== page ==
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Archive for April, 2015

budget2015The National Budget is a key instrument through which governments implement their policies. It is an annual plan of expenditures and income. It is also a plan of what monies the government expects to receive in forms of tax revenues against how much it expects to spend in a given financial year. The National budget is usually derived from projected domestic and external revenue and these are determined by several factors such as past trends, efficiency gains, growth in volume of imports, elasticity of taxes, real growth in the real monetary GDP and prices. Normally, prioritization of sectors in the National Budget is based on interventions with direct impact on growth and poverty   reductions in a given country. s guide sector prioritization. Budget consultations start from top to bottom entailing cabinet retreats, budget call circulars and Local Government Local Government (LG) workshops.

Last week, I attended a meeting by the Civil Society Budget Advocacy Group (CSBAG), to analyze the Uganda National Budget Framework Paper (BFP) for the financial year 2015/16. The National Budget Framework Paper (BFP) outlines Government interventions for Social and Economic Development in a given financial year and provides link between Government’s overall policies and the Annual Budget. It lays out the fiscal policy framework and strategy for the budget year and in the medium term setting out how the Government intends to achieve its policy objectives over the medium term through the budget. The national BFP has three sections: Part 1 sets out the Government’s Medium Term macroeconomic forecast, Medium Term Fiscal Framework and Forecast, Charter of Fiscal Responsibility, the Resource Envelope and Annual Budget for and Fiscal Risks; Part 2 sets out Government’s Policy measures and programmes for social and economic development, as well as the indicative expenditure framework in FY 2015/16 and the medium term; and Part 3 provides details of proposed sector plans and expenditures.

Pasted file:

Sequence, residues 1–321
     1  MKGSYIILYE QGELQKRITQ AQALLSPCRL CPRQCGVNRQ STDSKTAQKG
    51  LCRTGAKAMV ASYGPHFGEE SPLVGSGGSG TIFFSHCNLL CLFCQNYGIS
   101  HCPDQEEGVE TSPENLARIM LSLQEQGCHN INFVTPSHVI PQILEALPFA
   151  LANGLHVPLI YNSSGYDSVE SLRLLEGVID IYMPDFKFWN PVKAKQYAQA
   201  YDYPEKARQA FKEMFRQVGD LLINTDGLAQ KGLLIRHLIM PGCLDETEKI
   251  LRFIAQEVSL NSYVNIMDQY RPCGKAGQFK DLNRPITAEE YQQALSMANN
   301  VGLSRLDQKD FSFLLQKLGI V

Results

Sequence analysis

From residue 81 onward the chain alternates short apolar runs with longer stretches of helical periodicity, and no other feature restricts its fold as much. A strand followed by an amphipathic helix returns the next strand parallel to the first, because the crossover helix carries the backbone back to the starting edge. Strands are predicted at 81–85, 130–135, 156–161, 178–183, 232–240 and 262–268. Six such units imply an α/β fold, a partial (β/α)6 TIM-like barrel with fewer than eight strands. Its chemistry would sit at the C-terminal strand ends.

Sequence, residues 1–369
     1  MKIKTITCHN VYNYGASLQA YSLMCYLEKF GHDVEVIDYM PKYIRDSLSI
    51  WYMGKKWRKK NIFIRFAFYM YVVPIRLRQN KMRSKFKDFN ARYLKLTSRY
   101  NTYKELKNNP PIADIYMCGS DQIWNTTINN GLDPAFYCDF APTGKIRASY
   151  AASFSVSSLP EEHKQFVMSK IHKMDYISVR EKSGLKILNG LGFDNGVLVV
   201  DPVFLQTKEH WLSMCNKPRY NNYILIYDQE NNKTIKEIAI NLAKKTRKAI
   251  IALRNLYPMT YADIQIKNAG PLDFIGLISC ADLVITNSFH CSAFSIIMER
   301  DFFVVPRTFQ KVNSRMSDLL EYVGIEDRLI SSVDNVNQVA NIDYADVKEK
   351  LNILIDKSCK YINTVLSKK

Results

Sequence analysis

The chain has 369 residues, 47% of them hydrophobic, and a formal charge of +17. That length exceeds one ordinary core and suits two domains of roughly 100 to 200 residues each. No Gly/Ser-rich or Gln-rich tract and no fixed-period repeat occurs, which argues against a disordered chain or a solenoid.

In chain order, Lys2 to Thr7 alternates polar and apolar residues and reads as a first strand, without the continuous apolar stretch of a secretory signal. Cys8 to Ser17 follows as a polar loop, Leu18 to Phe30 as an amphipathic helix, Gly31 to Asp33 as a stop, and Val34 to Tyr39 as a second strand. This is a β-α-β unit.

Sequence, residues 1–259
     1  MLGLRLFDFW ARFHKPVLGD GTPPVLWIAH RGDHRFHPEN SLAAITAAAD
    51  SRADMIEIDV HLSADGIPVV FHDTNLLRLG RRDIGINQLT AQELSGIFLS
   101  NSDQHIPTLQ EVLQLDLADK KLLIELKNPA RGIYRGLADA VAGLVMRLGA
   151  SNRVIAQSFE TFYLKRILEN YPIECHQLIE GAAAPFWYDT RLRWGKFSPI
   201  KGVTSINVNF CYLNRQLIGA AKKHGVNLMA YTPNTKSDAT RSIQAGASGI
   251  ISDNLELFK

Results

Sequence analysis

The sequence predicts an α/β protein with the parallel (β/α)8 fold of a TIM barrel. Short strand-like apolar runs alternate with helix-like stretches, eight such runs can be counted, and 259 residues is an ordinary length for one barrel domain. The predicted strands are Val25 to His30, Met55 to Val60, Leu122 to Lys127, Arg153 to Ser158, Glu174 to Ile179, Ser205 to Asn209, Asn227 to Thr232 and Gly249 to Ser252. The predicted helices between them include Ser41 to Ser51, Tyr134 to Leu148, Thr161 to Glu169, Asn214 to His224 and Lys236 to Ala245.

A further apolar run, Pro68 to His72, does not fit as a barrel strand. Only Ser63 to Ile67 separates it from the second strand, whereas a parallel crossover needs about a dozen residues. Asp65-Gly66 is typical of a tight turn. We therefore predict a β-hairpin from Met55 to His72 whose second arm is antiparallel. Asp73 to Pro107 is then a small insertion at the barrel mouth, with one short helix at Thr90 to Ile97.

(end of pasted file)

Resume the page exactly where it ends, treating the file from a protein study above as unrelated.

My focus  in the budget paper on financing for social development. Although  the country is struggling to spend  within its means by reducing the total budget from 15829.9bn in FY 2014/15 to 14472.05bn in FY 2015/16, the cut has affected more of the social sectors such as  agriculture, education and health. Therefore the government’s proposal to reduce health budget by 317.4bn (from 1281bn to 963.7bn), Education by 45.3 bn (from 2026.6bn to 1981bn), agriculture by 56.7 (from 473.3bn to 4170bn) to mention but a few and yet Public Administration budget has increased by 155.3bn (from 554.8bn to 710.1bn), interest payment 678.4bn (from 1082.9bn to 1761.3bn) should be revised.

Reducing money of sectors that have direct impact on Uganda’s population will affect the overall welfare of the people and at the same time, increase the general economic costs  of o taking  care of sick, illiterate and hungry citizens.

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